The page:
Behind the scenes with Revenge

ANDREW MURFETT
Last updated 12:50 07/06/2012
TV show Revenge
WATCH YOUR BACK: Emily Thorne, front, played by Emily VanCamp, in Revenge.

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A pop song you deem too embarrassing to enjoy outside the privacy of your own earphones, a sentimental rom-com you're ashamed to admit you watch consistently on DVD, or a piece of trash television you sense is having a detrimental effect on your IQ.

The guilty pleasure permeates every pop-culture sphere.

And in its first season, Revenge - a night-time soap opera boasting preposterous plot lines, shoddy special effects and high-camp performances - has swiftly become the TV snob's guilty pleasure.

The show focuses on the travails of Amanda Clarke, who has rebranded herself Emily Thorne for the purposes of enacting vengeance on the Graysons, the family that framed her father for a crime he didn't commit before having him murdered in prison.

Canadian actor Emily VanCamp plays the Emily/Amanda role with a knowing sense of determination. The mostly measured on-screen hostility with her arch-rival, played by veteran Madeleine Stowe, is something to behold.

For Revenge's convoluted storyline, the above plot barely begins to describe the minutiae of this Hamptons-set series.

The writers revel in dealing with the ultra-rich and their predilection for drugs, conspiracy theories, corruption, murder, arson, marital affairs, phone and computer hacking, theft and power struggles.

VanCamp, 26, signed to Revenge following a run on another soapy drama, Brothers & Sisters.

''I'd promised myself I wouldn't work again until I found something that excited me,'' she says. ''I wanted to play this amazing young woman. There was a lot I could do with it.''

She met with producers at the beginning of last year but the American network decided to enter a protracted audition process. ''They said they were concerned with the darkness of the role,'' she says. ''They had never seen me play such a dark role. So I guess I showed them the darkness.''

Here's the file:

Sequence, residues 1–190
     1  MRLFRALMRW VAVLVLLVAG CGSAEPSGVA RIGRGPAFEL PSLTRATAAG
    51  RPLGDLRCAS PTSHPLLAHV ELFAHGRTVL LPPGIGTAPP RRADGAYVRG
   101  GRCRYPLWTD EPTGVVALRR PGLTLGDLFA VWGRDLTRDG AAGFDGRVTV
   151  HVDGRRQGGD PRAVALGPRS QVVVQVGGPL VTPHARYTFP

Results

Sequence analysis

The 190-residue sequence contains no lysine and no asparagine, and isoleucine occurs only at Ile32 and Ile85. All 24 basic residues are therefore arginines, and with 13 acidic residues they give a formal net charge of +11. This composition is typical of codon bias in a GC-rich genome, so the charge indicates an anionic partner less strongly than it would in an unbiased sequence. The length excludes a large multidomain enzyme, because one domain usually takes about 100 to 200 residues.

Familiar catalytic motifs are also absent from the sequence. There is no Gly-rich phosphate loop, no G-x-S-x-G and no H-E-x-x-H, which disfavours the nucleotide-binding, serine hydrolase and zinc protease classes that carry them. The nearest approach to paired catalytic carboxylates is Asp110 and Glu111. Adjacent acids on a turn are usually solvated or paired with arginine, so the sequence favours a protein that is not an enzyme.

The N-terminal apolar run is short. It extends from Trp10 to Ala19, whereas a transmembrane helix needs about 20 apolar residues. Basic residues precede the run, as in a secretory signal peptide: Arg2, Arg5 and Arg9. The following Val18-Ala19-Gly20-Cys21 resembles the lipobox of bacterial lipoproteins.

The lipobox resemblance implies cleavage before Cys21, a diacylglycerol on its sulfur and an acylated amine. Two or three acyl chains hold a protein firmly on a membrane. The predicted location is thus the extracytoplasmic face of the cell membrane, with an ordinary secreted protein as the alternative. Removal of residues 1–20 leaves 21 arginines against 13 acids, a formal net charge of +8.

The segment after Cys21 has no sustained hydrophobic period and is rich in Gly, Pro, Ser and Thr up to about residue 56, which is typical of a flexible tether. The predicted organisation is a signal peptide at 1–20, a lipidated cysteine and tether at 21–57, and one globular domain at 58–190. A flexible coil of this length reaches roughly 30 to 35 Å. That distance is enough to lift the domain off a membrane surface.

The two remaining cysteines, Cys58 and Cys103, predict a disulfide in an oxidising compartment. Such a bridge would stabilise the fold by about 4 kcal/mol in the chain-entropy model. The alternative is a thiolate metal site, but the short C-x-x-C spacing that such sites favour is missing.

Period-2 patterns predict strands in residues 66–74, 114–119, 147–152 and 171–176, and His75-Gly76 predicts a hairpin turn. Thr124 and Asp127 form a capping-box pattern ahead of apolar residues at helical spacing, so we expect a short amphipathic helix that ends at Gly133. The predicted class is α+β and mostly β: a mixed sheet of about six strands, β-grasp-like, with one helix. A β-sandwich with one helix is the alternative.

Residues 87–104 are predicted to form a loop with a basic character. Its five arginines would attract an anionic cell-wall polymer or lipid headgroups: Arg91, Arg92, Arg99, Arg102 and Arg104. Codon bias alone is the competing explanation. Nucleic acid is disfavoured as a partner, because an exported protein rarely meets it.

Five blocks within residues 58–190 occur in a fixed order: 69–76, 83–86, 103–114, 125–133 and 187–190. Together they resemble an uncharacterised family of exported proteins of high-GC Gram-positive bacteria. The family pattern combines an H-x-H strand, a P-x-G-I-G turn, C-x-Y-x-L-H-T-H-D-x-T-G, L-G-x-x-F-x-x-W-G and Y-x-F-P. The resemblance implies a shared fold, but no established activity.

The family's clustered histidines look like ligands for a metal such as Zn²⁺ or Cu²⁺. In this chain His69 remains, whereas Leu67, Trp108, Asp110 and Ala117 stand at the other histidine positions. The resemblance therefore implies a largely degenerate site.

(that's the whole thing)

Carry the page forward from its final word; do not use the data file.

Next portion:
VanCamp has since proved a revelation. Along with director Phillip Noyce, who helmed the elaborate pilot, and series creator Mike Kelley, she built Emily/Amanda from the ground up.

One of her defining characteristics, and that of any great soap actor, is the ''look'' - often scathing, sometimes merely shocked - she delivers through each episode.

''I don't know where they came from,'' she says. ''I've tried to find moments where the audience can connect with her and know what she's up to. I can't say it to the camera [with words], so it works in that way. Also, it reminds you of the pain and anger she has.''

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When Revenge was launched in September in the US, hopes were not high. Retro-leaning series such as The Playboy Club and Pan Am were garnering most of the new-season buzz.

However, after about four episodes, confidence about the show began to build.

VanCamp admits she initially doubted the series could maintain momentum through a 22-episode season. She also concedes to feeling pressure in shouldering the lead role.

''Inevitably you do,'' she says. ''But I tried to repress those feelings. Early on, I had a little panic of, 'If this fails, it's on me.' If it got cancelled after one episode, it would be horrendous for me.''